Custom Modular Bench Seating
Parc Centre Tables & Chairs, Parc Vue Litters
25 Kent Street is the eight-story, 500,000-square-foot new kid on the block. The ground-up office complex comprises an entire block in the Brooklyn neighborhood of Williamsburg. Shaped like an H, the building’s two identical vertical legs are connected by a through-block plaza that opens on each end to two privately owned public spaces. The building’s brick, glass, and metal façade reflect the character and industrial heritage of the neighborhood. Landscape architecture firm MPFP was tasked with designing the 25 Kent’s three plazas. MPFP Managing Principal Rick Parisi and Associate Rob Osterlof wanted the landscape architecture to connect to the building’s modern, industrial vocabulary. They turned to Landscape Forms’ Studio 431 to help engineer and manufacture the custom benches installed in the three plazas, interspersed with greenery that Brooklynites would gravitate to. “There are so few spaces like this in this neighborhood,” says Osterlof. “We wanted to create spaces where people can sit, socialize, and eat lunch. Spaces away from the office that people can visit without venturing out too far. Spaces that would be socially contextual with the neighborhood.”
Two custom bench types−one made of steel and Ipe wood and the other of precast concrete and Alaskan Yellow Cedar−were manufactured. In total, there are 43 benches in 19 different sizes and configurations. The variety of shapes, sizes, and materials creates a “dynamic space,” explains Osterlof, and seating options for “different activities, short and longer stays, and gathering, whether for one person or a group.” In addition to the custom benches, Landscape Forms Parc Center chairs, tables, and litter receptacles are located throughout the plaza areas.
One of MPFP’s original bench designs featured weathered blackened steel, but it proved to be expensive and difficult to fabricate. They opted instead for a steel structure with a textured black matte powdercoat and cantilevered Ipe slats. “We wanted an industrial feel, but we also wanted the benches to have a warm, comfortable feel,” says Osterlof. “The contrast between metal and hardwood was a nice marriage.”
The thickness of the cedar benches creates a juxtaposition to the sleek metal and cantilevered wood benches. Large blocks of laminated Alaskan Yellow Cedar nested into precast concrete slabs are a tie to the piers and pilings dotting the nearby Bushwick Inlet and Brooklyn Navy Yard.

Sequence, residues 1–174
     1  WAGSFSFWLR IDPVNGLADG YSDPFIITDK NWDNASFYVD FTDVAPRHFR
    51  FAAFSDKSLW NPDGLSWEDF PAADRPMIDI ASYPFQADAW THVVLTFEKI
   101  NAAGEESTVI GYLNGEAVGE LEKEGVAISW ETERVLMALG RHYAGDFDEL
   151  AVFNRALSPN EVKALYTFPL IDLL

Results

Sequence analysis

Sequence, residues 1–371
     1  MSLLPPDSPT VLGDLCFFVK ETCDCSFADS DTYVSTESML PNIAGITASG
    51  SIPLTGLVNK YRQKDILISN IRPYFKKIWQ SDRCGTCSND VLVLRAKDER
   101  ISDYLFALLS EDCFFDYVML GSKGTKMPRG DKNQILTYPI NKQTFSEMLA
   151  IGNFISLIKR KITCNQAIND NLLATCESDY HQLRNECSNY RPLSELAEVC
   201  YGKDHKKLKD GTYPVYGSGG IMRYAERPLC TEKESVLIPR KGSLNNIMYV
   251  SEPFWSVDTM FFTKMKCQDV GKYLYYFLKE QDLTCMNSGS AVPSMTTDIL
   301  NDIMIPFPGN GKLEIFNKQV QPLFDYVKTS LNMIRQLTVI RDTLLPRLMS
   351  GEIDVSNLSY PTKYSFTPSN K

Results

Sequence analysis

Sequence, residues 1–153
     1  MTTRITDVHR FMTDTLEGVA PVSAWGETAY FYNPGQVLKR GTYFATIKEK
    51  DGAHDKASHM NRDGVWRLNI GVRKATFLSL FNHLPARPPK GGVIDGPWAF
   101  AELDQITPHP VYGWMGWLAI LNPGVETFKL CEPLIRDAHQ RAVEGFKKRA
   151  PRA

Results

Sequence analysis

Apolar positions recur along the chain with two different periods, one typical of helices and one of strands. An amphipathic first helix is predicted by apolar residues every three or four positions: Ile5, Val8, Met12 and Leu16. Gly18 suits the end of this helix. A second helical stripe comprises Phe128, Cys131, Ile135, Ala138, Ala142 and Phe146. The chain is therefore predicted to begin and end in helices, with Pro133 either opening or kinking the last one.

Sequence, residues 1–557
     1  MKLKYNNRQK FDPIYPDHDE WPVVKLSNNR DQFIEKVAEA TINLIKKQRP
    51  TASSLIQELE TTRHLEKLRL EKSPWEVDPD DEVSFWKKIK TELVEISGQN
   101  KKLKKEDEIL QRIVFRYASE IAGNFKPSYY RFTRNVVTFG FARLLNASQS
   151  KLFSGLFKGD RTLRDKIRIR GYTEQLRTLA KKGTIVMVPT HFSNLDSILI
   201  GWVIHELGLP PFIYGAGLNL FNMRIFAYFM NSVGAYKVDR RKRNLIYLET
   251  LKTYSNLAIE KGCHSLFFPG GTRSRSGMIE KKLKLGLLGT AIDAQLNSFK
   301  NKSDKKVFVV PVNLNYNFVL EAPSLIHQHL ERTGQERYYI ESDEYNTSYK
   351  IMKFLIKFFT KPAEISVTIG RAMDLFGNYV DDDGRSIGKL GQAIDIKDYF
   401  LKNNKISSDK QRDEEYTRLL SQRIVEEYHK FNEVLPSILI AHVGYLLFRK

MPFP’s first sketches called for every steel and Ipe bench to be a unique size; only the concrete and cedar benches were uniform in length. When Studio 431’s Chad Kendall reviewed the plans, he realized that unique profiles would translate to added cost and fabrication time. Kendall proposed a modular system that decreased the number of bench lengths but still met the linear feet seating codes. The approach maintained Parisi’s design vision but reduced the number of parts, making manufacturing more efficient and keeping the schedule moving and the project more cost effective. Engineering the benches in eight- to 12-foot sections aided in the metal bending process, which required forces of up to 110 tons per foot to form the ¾”-thick steel, and also made moving the heavy pieces during manufacturing and painting more manageable.
MPFP and Studio 431 have been frequent collaborators over the years, and Osterlof relies on the custom team’s skills and areas of expertise to make recommendations that will improve the product, manufacturing, and installation without compromising the design intent. He appreciated the attention to detail seen in solutions such as a support system under the Ipe slats that is aligned with the slats so “the wood really looks like it is floating. You don’t see the supports. Studio 431 helped us achieve that.” Other recommendations such as decreasing the number of bench sizes also improved the end result, says Osterlof. “Standardizing the sizes was not a compromise. We still accomplished the variety and also the linear feet requirement. It felt the same as our original. There’s something to be said about having some of the benches uniform in size; they express the same language. Studio 431 helped to make it a better product.”
Given the weight of the steel benches−the 30-foot long benches weigh about 3,700 pounds−it was important to fabricate them in sections to help installers lift and place them onsite without the time and expense of involving heavy machinery. “The weight and massiveness of the pieces added a level of complexity to this project,” says Kendall. “We mocked up an installation in our shop to test the installation process and the connections and fit before we broke them down and shipped to Brooklyn.” Osterlof appreciates the consideration Studio 431 gives to installation throughout the design and manufacturing process. “Studio 431 has a wealth of knowledge on how to install things,” he says. “They bridge the gap between the installation contractor and the design team. They understand the design team’s vision and figure out the best way to manufacture and install so that the design comes to reality. Their input made this project a success.”
“Awesome” is how Studio 431’s Mark Haase describes the collaboration with MPFP over the years. “They’ll give us an idea of what they want, but they leave it to us to figure out the nuts and bolts because they know that’s what we do best. They entrust us with their design, and we bring it to life.”